About the Author

I’m a 20-something woman, who moved a few years ago to Indiana, from Kansas City, stopping in Edinburgh, Scotland for four years  after hopping around Asia for two years. I am married to a man (@thiswholecity) who is far kinder and far more patient that I am, and is incredibly talented and good-looking. We live and love on the near eastside of Indianapolis, IN. We are new homeowners with enough projects at home to keep us busy. By day I am the program manager at a Southside afterschool program for at-risk kids. I love books and theology and music and vegetables and sleeping in and red wine and good beer and good jeans and the city and road trips and t-shirts and coffee and film and photography and funny things and writing and redemption. I love being a part of “making all things new”.

Curious about the name of this blog? It comes from a portion of a book called “Surprised by Hope” by N.T. Wright:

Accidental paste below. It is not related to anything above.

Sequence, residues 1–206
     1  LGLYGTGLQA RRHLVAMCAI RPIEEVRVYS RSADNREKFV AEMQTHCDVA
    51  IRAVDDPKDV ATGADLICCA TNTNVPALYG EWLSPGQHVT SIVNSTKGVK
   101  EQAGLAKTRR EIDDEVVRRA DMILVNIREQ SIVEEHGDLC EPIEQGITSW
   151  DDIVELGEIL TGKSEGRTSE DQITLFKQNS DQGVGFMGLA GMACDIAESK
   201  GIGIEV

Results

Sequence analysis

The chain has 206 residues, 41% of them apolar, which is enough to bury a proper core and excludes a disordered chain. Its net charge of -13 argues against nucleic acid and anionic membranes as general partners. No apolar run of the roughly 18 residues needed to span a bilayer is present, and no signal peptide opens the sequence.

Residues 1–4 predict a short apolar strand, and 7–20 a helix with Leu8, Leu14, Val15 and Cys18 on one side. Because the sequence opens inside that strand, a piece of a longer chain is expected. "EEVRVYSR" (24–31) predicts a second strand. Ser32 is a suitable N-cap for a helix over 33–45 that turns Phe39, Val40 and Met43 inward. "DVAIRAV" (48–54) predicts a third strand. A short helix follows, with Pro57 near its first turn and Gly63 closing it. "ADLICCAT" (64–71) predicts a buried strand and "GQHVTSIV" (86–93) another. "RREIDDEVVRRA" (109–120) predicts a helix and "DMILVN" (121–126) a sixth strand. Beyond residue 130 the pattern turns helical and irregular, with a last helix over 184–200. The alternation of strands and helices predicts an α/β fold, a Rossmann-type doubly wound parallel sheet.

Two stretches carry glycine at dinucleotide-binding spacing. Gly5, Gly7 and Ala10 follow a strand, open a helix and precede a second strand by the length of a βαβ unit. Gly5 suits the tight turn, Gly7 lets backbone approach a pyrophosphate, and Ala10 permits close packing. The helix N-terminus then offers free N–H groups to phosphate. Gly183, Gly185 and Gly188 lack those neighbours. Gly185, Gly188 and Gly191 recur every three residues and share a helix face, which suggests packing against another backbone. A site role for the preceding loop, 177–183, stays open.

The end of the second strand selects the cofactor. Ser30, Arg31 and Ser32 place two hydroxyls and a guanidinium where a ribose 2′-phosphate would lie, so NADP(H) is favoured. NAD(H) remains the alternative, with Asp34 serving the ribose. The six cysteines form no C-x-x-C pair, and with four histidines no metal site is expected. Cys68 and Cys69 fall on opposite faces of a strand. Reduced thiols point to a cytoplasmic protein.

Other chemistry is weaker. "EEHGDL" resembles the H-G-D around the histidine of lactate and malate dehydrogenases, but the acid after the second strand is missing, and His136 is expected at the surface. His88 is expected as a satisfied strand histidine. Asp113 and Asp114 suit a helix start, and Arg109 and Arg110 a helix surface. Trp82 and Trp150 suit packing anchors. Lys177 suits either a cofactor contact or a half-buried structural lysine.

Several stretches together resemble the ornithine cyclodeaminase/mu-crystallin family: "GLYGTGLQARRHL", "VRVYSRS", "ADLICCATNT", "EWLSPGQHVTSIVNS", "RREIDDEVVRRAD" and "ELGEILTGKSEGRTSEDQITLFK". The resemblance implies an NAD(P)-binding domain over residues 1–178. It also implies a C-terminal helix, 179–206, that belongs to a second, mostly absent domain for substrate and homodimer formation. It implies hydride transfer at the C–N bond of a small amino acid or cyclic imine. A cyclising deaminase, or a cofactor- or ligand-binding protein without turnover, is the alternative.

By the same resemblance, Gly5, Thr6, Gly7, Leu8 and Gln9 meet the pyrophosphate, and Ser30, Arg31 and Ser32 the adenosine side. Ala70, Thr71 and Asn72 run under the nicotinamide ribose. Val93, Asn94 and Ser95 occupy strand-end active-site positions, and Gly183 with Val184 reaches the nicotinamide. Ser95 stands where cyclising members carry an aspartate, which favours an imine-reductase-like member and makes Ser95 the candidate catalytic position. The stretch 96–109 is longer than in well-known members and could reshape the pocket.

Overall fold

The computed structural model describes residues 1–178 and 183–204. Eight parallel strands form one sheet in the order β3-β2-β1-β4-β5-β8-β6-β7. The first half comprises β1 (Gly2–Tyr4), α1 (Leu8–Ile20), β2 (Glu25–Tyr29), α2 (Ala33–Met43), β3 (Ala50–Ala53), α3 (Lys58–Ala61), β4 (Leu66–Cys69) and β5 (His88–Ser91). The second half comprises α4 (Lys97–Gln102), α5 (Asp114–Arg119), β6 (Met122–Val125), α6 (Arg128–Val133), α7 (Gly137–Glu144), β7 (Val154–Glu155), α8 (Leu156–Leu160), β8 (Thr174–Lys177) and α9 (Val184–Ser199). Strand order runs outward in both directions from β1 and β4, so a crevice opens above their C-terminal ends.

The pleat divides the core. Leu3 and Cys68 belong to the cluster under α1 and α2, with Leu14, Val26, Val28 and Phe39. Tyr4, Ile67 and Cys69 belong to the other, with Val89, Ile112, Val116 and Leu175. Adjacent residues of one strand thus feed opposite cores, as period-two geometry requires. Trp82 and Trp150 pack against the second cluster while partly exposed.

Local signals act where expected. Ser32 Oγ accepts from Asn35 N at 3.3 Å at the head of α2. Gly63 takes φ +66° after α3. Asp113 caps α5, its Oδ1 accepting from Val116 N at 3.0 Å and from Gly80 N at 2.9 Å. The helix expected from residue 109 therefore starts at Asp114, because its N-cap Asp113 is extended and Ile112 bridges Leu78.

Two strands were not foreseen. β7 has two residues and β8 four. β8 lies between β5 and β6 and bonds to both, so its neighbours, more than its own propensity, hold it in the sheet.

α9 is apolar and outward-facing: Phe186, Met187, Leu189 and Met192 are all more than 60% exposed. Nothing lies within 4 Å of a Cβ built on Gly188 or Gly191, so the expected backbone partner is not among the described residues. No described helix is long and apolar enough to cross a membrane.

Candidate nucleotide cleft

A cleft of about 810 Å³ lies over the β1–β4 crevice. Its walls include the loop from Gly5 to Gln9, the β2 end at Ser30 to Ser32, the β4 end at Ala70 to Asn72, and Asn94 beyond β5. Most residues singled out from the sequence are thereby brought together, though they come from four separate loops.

“The point of the resurrection, as Paul has been arguing throughout [1 Corinthians] is that the present bodily life is not valueless just because it will die. God will raise it to new life. What you do with your body in the present matters because God has a great future in store for it. And if this applies to ethics, as in 1 Corinthians 6, it certainly applies to the various vocations to which God’s people are called. What you do in the present – by painting, preaching, singing, sewing, praying, teaching, building hospitals, digging wells, campaigning for justice, writing poems, caring for the needy, loving your neighbor as yourself – will last into God’s future. These activities are not simply ways of making present life a little less beastly, a little more bearable, until the day when we leave it behind altogether (as the hymn so mistakenly puts it, “Until that day when all the blest to endless rest are called away”). They are part of what we may call building for God’s kingdom.”

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